There is a lot of talk around at the moment about Twitter’s new stance on 3rd party applications integrating with the service. Twitter has pretty much banned clone applications like Tweetbot, and went as far as buying Tweetdeck for $40 million.

Twitter says it doesn’t want third party developers to “build client apps that mimic or reproduce the mainstream Twitter consumer client experience.” But is that really all? That’s the short-term, but what’s the long game here? Where is Twitter heading?

 

Making Headlines

Facebook is a place of sharing; videos, links, pictures, etc. Pinterest is a place of sharing pictures, in particular. Twitter is a place of sharing words: you have 140 characters to change the world.

This limit is both the most-complained-about feature and its biggest asset; and once you start combining sharing with 140 characters you start to see something emerge: Headlines.

Twitter is becoming the de facto home of soundbites and straight-to-the-point sentiment. Twitter’s users are bringing content to the service and having their say about that content in a raw, unadulterated manner. Unlike Pinterest, Twitter doesn’t require users to contextualise the shared content (or use massive amounts of processing power to analyse pictures for their content). Twitter’s content + opinion is instantly indexable, interpretable and searchable.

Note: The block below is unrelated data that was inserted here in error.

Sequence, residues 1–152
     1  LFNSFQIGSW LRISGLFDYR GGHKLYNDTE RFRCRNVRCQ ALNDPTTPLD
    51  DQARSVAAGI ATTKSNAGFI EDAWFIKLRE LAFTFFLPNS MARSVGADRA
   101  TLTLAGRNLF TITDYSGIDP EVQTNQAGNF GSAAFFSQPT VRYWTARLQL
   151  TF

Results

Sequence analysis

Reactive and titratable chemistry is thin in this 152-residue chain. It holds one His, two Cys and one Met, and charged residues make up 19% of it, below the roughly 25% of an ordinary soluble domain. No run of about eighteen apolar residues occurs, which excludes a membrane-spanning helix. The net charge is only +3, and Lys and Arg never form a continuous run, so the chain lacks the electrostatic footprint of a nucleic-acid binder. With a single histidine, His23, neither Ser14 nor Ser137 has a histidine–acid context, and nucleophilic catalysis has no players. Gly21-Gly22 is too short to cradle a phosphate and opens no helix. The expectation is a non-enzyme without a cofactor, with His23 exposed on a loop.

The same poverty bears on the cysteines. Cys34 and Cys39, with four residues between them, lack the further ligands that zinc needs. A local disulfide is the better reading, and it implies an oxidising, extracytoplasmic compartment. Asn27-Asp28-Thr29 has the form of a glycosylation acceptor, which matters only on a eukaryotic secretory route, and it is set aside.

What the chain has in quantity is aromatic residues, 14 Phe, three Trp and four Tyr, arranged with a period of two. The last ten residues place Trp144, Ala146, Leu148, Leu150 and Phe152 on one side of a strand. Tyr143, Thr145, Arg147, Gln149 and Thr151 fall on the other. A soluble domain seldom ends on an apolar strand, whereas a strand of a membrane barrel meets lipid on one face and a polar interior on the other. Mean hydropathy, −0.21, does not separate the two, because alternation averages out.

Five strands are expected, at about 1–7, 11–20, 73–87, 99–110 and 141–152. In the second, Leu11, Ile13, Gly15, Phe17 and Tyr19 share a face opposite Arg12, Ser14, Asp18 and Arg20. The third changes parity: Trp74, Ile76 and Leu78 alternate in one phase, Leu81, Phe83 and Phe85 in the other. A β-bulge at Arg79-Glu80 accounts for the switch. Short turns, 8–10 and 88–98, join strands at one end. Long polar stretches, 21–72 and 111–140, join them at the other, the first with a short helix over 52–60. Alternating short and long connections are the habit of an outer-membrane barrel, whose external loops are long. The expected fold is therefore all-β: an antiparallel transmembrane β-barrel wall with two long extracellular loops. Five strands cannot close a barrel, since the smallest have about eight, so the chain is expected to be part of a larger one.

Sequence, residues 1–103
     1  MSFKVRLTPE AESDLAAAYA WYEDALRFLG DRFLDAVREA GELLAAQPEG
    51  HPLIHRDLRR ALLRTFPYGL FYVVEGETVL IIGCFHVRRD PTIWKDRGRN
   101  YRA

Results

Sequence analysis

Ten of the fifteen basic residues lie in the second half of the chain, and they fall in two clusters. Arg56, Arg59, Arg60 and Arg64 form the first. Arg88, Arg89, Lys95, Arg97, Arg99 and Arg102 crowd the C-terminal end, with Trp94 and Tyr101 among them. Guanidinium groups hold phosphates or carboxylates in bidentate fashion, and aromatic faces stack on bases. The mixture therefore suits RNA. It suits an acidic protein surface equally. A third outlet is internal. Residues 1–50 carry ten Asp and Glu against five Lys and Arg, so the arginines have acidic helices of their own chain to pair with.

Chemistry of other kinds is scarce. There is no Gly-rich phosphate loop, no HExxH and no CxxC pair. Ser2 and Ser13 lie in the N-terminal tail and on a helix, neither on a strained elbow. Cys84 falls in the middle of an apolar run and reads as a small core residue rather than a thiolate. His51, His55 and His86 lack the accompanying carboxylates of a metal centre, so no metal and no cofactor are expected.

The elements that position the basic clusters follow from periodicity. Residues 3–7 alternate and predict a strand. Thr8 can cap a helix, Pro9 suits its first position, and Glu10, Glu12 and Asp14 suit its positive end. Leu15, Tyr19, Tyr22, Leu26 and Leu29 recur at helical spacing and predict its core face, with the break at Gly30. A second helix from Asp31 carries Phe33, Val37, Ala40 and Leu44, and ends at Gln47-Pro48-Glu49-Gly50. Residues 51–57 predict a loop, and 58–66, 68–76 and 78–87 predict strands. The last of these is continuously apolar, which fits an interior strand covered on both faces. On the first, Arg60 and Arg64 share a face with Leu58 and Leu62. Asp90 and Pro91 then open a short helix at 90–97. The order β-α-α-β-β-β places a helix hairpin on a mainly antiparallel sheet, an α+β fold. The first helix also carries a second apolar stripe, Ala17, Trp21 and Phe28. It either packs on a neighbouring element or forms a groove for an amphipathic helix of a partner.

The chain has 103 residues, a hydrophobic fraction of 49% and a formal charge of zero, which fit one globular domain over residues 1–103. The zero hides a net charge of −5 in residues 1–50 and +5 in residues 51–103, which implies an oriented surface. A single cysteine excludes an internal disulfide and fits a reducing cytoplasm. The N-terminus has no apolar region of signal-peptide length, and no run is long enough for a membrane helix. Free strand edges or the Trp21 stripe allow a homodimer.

Twitter doesn’t require web crawlers to have a database chocked full of important-right-now information. Twitter doesn’t need to index every word on every page in the universe to understand what people think about some content – it is right there in 140 beautifully simple characters.

 

So you’re saying Twitter just made Google Defunct?

I’m saying that Twitter is in a ridiculously strong position to take Google on at its own Search game. Google have dropped the ball by focusing so hard on their social network – Google+ – and have become complacent about the two things that keep them in business: Search (which Twitter can steal the show with) and Ads (which, as I’ve discussed before, Facebook is in an enviable position to clean up with).

So what do Google have left in the innovation stakes? Well, there’s Google Glass, of course. But even I thought that up before they launched it. They have self-driving cars too, but the Volvo SARTRE project looks more fun, and more advanced.